Run long,

Shaun Brewster.


Leave A Reply (6 comments so far)

  1. Onedaydoris
    4 years ago

    About time eh? I adopted minimal sole footwear 3 years ago after researching the science on running shoes and natural foot motion. It was after a year of persistent hip pain that stopped me running. I taught myself how to run minimal sole in Dunlop Volleys! I\’ve slowly but surely built up the kms and while I\’m not entirely free of niggles, they don\’t stop me running. Wish my physio had saved me the extra effort and advised minimal sole footwear straight up! Wonder how long this advice will take to percolate into the mainstream physio community.

  2. Jono
    4 years ago

    Cracking article, it just makes sense. I find it bizarre that all these years we have been wearing shoes that stop our feet from what they do naturally. I\’m always prepared to have a go at something different and on that note, do you any advice for us on how we best transition to a shoe like the VIVOBAREFOOT? Also, how would this impact the decision on what socks to select? Thanks Shaun, sound advice as always.

  3. Shaun
    4 years ago

    Hi Jono, great question and one that I hope I can clarify for you. The process of transitioning to a barefoot or minimalist style shoe will vary from person to person depending on the current state of functionality in their feet. I recently gave a presentation at a conference on this very thing, so the below are the steps I gave on this topic that will hopefully act as a general guide for the ‘average’ person…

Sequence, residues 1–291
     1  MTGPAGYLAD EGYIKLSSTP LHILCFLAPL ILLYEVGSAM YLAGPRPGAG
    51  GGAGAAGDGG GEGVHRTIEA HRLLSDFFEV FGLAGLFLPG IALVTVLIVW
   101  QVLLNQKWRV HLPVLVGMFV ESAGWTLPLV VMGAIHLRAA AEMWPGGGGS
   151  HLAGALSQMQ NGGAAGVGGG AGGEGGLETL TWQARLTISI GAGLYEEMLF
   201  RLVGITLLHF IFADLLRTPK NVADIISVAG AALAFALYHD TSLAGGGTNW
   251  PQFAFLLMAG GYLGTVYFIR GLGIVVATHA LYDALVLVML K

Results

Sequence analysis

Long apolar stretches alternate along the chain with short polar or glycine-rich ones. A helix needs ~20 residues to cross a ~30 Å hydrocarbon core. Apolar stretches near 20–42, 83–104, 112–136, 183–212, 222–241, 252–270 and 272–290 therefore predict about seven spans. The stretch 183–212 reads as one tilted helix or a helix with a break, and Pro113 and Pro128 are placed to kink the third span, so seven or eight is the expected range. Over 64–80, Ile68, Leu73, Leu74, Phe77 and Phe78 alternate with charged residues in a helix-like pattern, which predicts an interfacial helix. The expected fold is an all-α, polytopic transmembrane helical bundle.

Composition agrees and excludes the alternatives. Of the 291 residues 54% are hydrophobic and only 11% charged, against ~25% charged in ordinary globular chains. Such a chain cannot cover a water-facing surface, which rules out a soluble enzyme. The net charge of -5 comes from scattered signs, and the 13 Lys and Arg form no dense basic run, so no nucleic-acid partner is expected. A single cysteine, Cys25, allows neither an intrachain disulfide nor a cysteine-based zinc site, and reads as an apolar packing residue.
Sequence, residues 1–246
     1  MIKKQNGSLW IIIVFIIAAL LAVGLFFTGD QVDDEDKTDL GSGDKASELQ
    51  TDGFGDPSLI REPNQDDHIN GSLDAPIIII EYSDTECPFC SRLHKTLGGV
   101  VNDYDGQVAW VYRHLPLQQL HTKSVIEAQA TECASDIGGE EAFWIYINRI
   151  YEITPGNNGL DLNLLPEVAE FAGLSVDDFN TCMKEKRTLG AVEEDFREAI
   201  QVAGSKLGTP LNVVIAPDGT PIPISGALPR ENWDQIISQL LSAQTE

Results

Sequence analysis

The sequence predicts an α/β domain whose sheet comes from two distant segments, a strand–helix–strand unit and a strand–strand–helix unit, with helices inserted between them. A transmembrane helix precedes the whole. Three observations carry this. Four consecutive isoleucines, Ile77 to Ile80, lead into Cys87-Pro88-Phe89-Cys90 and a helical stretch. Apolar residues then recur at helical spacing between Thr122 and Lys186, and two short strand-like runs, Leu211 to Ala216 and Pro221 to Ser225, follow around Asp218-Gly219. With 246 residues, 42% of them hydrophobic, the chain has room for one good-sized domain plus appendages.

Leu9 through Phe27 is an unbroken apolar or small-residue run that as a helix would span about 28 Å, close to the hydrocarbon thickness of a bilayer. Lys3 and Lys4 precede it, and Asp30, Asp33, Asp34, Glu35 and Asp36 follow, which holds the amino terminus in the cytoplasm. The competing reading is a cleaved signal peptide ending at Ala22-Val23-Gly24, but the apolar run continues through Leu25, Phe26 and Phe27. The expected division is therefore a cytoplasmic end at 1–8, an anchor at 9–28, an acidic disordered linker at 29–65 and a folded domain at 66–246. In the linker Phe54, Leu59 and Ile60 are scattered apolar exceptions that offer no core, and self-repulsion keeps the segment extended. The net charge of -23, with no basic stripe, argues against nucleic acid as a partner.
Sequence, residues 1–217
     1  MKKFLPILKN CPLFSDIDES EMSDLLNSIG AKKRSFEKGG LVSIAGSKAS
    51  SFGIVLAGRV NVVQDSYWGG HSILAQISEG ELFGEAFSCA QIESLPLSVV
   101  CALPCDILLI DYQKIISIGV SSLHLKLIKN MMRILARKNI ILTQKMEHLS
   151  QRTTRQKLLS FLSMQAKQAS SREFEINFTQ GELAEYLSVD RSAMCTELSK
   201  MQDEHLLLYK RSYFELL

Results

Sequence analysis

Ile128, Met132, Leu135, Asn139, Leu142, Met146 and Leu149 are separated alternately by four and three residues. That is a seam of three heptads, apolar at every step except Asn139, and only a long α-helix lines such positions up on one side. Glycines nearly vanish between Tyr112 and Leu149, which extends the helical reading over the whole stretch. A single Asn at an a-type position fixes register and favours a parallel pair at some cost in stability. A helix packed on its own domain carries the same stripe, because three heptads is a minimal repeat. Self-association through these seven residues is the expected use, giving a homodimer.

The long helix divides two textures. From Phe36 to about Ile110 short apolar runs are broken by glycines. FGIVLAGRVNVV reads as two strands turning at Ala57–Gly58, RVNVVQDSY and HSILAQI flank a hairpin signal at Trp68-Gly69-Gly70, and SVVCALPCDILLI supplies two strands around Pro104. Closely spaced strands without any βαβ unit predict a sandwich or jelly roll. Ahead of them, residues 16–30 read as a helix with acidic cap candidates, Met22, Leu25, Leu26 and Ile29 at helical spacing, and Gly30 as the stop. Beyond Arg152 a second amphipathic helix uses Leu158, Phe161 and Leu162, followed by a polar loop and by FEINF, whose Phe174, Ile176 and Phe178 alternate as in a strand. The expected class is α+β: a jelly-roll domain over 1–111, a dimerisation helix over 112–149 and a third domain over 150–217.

Reduction of time spent in high heeled and overly structured shoes
    Begin introduction of more flexible and lower profile shoes for walking and ADLs (activities of daily living).
    Barefoot activity at home (short periods)
    Barefoot activity on uneven surfaces (short periods)
    Short barefoot/minimalist runs (100-200m)
    Gradual increase in BF running with at least 2 rest days between runs until there is no pain or discomfort after any running session.

    This is a progression guide that can be followed. But at the first sign of pain or discomfort in the feet or ankles, you should stop and either go back a step or stay with at that point until you are comfortable enough to progress further.

    As for socks, if you are prone to blisters, Injinji socks are great. Really though, in the right shoes, blisters just shouldn’t be a problem. I would avoid overly thick socks or any that are very tight and compress the toes together.

    I hope this helps, but feel free to email me at if you have any more questions.

  4. Jono
    4 years ago

    Thanks Shaun, I\’m looking forward to giving it a try. A slow transition makes sense. It will be interesting to keep an eye on the running community over the next few years and note the rate of change. It will be equally interesting to see how running shoe specialists adapt their methodologies for shoe fitting, which are nearly all based on assessing one\’s pronation/supination and fitting the shoe that eliminates it.

  5. Beck Ringrose
    3 years ago

    What exactly is barefoot technology? Isn\’t the technology that the technology has been taken out? They seem very expensive for a shoe that has less, but I hear they can be bought for cheap. I think I could be converted to barefoot running but get annoyed with the bias I read in articles about it. I find most people try to do too much too soon with running, with or without fancy runners.

  6. Shaun
    3 years ago

    Hi Beck, thanks for your message.
    Barefoot technology as a term is definitely ‘tongue in cheek’. The whole idea of less technology is the goal. Finding an article about barefoot running that doesn’t have bias is going to be tricky as most people are in one camp or another. The goal is to read it all and make an informed decision. I agree that we need to take things slowly with running, transition, etc. It’s about getting to that finish line in one piece!